Stop bath is available from a number of companies including Clayton, Ecopro, Edwal, Foma, Fotospeed, Ilford, Kodak, Lauder, Photographer’s Formulary, Sprint Systems of Photography and ZONALPro.
One of the final steps in the black-and-white film and printing process is the fixer solution, which completely freezes the developing process and locks the image in place for decades of viewing enjoyment. Fixer is available in both powder and liquid form, as well as in a choice of standard formulation or rapid formulation for commercial labs and photographers with shorter attention spans.
Another variance between types of fixers is whether or not they include a hardener. A hardening fixer provides greater protection for your film and prints, but requires longer final wash times and makes manipulation and toning more difficult. A non-hardening fixer is recommended if you plan on toning your images once the development process is complete. Once your prints have been submerged in the fixer for the recommended time, the prints are removed in order to begin the washing process. Often, a hypo clear or fixer-remover bath precedes the final water wash, which helps to expedite rinsing times and further ensure a fully archival process. After the optional hypo-clearing step, prints or films are given the final water bath to remove all remaining traces of chemistry, and are then dried.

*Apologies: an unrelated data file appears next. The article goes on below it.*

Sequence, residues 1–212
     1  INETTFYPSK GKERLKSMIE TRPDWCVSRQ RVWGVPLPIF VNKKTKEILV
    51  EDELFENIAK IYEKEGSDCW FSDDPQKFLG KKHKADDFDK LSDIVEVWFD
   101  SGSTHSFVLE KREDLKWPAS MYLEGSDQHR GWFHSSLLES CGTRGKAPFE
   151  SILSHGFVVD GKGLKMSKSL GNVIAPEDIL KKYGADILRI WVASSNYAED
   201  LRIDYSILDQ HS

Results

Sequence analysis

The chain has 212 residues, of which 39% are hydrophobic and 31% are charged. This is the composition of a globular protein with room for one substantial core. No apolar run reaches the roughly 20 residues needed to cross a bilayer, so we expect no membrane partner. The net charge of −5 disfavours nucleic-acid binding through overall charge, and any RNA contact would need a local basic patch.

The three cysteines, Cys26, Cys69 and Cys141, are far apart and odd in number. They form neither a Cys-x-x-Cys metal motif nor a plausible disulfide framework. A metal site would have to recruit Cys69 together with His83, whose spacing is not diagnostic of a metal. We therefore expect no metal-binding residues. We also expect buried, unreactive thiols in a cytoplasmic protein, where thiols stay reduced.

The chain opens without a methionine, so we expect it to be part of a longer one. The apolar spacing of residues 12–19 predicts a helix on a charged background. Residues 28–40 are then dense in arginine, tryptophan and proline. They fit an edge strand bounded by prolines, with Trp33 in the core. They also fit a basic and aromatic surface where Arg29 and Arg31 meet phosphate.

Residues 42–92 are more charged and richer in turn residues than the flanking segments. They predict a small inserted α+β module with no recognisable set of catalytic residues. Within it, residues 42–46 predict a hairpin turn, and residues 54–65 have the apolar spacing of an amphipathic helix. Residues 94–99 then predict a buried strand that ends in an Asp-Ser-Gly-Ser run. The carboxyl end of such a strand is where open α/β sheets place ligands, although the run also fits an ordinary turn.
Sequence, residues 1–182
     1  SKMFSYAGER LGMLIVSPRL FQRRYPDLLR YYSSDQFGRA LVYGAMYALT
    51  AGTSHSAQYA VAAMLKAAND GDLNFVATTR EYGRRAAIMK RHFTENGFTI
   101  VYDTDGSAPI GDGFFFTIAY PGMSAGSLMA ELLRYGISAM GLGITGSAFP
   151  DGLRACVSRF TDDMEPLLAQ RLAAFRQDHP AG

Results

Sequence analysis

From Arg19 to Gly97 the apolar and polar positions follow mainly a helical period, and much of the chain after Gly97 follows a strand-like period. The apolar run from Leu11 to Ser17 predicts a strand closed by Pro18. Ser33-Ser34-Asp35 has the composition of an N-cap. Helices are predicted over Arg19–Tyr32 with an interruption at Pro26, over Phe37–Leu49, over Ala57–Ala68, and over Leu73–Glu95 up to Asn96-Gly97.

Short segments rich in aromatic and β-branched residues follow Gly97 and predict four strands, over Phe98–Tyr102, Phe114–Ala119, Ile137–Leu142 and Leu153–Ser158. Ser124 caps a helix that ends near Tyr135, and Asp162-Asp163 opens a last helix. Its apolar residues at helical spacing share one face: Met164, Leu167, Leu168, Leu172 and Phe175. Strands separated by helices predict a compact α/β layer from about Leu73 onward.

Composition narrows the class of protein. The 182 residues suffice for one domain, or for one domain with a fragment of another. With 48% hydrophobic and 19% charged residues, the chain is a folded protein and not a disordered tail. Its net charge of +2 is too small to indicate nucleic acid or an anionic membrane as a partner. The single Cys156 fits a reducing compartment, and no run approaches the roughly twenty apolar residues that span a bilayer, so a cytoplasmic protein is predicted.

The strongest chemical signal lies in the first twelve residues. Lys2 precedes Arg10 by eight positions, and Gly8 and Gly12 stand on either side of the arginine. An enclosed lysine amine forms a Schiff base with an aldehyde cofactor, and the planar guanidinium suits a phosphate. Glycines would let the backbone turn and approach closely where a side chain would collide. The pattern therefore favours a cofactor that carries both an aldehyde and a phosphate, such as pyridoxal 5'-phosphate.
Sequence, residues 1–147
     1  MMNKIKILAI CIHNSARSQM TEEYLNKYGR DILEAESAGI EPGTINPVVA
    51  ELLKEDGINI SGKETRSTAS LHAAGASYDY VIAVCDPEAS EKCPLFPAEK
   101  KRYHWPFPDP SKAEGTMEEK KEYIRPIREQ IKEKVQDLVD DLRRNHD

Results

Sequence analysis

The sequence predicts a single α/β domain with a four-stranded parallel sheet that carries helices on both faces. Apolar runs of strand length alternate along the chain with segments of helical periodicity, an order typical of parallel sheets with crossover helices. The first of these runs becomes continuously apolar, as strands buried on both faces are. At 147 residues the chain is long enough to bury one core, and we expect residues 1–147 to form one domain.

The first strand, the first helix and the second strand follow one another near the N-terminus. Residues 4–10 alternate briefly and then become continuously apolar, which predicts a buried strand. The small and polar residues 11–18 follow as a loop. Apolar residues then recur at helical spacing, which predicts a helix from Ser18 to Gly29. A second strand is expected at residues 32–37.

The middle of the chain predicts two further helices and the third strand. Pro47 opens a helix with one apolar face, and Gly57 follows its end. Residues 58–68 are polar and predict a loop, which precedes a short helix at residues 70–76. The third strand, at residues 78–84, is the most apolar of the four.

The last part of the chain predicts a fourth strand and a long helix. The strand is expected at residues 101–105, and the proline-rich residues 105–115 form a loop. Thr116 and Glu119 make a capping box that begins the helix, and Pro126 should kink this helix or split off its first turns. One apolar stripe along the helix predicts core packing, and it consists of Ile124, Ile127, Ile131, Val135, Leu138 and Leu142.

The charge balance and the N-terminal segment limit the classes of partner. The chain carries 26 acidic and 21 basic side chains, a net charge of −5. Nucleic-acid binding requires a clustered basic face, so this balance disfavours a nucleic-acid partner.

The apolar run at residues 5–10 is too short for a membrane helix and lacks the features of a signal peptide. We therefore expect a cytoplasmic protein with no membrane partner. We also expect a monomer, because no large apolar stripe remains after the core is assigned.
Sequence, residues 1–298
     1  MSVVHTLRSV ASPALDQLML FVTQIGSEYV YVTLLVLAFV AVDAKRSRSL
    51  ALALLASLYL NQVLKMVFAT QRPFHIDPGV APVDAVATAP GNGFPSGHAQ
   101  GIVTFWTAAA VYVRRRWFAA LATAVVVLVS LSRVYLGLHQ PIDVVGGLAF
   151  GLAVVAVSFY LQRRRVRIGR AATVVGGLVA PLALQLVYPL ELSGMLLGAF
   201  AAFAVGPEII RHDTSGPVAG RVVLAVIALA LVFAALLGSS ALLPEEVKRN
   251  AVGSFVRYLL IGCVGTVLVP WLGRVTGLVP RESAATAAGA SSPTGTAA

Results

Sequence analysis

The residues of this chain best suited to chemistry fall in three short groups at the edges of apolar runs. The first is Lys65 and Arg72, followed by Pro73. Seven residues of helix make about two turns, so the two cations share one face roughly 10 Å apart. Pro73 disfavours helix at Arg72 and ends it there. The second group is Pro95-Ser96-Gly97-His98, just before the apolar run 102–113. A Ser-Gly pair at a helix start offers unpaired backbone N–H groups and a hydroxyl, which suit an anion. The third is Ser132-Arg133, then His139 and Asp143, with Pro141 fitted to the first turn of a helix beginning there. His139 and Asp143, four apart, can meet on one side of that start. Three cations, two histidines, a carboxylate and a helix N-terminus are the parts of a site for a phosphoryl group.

Fixer is available from Clayton, Ecopro, Edwal,Foma, Fotospeed, Heico, Ilford, Kodak, Lauder, Photographer’s Formulary and Tetenal.
One additional step many photographers add when printing black-and-white prints is toning, most commonly with either sepia (Berg, Foma, Fotospeed and Photographer’s Formulary) or selenium toners (Berg, Fotospeed, Ilford and Kodak), which add a nice warm element to the photographic image. Besides sepia and selenium toners, there are also toners designed to cool the native neutral tone of the photographic image. In addition to altering the appearance of your image, toners—especially selenium—are used to provide protection and greater archival properties to your final print.